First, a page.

Compare cars side by side to save time clicking backwards and forwards between them.
Maximum number of cars added to compare list.
We need your postcode in order to provide accurate search results.
Last night I watched a documentary on young drivers and the serious, often fatal accidents that can be caused by drivers who are not experienced enough on the roads to be able to understand that they are in fact behind the wheel of a potentially deadly machine.
We are all aware of the statistics, aged 17-25 year old male drivers are the group of people most likely to be involved in a serious car accident, yet there seems to be little being done to improve this statistic.
The documentary highlighted the need for young drivers to carry out more extensive training before they are able to drive freely on Britain’s roads. Recent measures which have been suggested by the Government but which have not yet been put into place include new drivers not being allowed to carry passengers in their cars for a set amount of months following their test.
The RAC has also recently conducted a new study on younger driver safety which provides an insight into motorist’s attitudes to both young and older drivers. This comes ahead of the Government publishing a consultation on the issue.
As part of the new RAC study, British Car Auctions (BCA) has provided an insight this week from UK motorists about what they think the minimum age of drivers should be. Over one third of those polled by the BCA said they felt that the minimum age should be increased.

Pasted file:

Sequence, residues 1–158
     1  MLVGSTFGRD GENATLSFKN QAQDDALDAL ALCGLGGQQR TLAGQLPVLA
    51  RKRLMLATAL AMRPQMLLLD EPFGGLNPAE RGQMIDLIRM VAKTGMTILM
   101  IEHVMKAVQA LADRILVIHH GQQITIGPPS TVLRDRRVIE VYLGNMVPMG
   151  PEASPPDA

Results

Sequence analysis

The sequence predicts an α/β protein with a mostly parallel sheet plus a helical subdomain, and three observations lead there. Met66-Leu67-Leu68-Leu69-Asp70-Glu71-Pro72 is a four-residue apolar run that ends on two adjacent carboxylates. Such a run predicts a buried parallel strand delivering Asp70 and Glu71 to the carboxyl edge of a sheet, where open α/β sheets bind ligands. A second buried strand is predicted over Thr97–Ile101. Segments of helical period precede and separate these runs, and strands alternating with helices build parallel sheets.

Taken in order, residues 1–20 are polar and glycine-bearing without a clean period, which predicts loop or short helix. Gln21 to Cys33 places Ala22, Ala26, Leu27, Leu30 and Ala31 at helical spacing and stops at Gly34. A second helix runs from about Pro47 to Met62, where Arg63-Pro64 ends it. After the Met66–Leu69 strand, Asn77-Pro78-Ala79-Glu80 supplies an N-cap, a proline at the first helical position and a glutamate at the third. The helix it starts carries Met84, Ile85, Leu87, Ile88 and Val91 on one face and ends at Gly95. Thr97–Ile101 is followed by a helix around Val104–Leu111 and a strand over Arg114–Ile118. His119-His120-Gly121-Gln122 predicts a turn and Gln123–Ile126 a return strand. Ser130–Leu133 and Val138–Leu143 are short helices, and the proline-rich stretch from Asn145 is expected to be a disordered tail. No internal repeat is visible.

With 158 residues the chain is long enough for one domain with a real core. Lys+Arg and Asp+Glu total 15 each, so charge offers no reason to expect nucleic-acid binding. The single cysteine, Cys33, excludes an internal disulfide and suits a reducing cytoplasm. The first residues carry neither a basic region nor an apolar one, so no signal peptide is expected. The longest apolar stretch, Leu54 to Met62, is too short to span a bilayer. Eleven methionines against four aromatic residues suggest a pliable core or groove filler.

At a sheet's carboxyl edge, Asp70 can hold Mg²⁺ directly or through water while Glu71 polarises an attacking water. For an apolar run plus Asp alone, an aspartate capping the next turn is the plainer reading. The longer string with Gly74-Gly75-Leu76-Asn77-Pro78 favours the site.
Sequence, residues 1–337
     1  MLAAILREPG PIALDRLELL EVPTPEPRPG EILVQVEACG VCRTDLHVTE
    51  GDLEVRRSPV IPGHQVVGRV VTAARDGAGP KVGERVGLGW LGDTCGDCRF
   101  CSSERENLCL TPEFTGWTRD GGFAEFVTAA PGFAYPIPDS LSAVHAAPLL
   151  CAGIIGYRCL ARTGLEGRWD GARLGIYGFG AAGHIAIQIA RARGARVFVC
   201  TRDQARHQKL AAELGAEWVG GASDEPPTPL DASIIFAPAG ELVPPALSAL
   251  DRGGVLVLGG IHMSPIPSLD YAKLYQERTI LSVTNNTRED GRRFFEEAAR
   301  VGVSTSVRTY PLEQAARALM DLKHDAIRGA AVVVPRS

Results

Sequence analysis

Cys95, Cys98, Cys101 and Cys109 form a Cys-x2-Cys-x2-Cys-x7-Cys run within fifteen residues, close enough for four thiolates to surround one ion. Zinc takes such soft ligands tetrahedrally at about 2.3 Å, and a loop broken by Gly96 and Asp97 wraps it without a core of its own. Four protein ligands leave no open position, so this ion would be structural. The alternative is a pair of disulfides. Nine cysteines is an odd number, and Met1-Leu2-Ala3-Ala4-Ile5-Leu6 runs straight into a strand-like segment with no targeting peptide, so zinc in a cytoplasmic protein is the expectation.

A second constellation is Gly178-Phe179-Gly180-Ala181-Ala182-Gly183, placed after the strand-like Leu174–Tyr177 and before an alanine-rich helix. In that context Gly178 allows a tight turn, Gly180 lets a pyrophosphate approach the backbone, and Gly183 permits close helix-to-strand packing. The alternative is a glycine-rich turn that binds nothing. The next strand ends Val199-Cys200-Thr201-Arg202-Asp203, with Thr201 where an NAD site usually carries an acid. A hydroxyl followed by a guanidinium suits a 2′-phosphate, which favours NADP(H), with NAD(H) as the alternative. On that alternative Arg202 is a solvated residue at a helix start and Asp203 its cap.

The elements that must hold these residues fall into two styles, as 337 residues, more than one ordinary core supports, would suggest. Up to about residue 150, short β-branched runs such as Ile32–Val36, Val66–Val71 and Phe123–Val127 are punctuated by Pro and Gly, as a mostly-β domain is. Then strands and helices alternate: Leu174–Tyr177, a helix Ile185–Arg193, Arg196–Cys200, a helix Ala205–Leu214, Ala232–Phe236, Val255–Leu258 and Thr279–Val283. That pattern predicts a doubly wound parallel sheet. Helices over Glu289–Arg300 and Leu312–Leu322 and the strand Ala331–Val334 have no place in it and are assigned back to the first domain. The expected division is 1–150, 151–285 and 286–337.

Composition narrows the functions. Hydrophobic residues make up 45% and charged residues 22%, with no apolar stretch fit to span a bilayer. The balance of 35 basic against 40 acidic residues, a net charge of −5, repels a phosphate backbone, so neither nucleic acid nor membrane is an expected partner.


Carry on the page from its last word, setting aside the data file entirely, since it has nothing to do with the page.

Forty per cent of respondents felt that the minimum age of drivers should be raised to 21 years old as they believed that raising the age limit would reduce traffic accidents. Despite this result, there were still 58 per cent of respondents who felt that the minimum age of drivers should not be increased.
Raising the age limit of new drivers is certainly one measure that would help to improve the amount of car accidents on the roads caused by inexperienced drivers, but one other way which we could improve the statistics is to take a look at the existing training which is being offered to learner drivers and look at ways to improve this. Perhaps it should become a legal requirement for new drivers to take the advanced driving course? Or new drivers could be restricted to a car with a smaller engine size?
Introducing a more extensive and rigorous testing scheme would certainly help drivers be more prepared on the roads, and following the test, measures could also be put in place to monitor new drivers for a set period of time. It goes without saying that new drivers should wear the standard green P plates for at least one year rather than it being an option that many new drivers ignore.
These are my views, but what are yours?